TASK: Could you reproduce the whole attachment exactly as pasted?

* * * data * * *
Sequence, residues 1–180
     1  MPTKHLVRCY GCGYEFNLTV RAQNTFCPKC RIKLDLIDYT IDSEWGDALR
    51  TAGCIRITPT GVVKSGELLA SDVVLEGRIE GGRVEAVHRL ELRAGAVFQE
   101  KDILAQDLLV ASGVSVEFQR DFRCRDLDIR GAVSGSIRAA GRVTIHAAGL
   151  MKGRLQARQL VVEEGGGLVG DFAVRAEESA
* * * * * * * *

Sequence, residues 1–180
     1  MPTKHLVRCY GCGYEFNLTV RAQNTFCPKC RIKLDLIDYT IDSEWGDALR
    51  TAGCIRITPT GVVKSGELLA SDVVLEGRIE GGRVEAVHRL ELRAGAVFQE
   101  KDILAQDLLV ASGVSVEFQR DFRCRDLDIR GAVSGSIRAA GRVTIHAAGL
   151  MKGRLQARQL VVEEGGGLVG DFAVRAEESA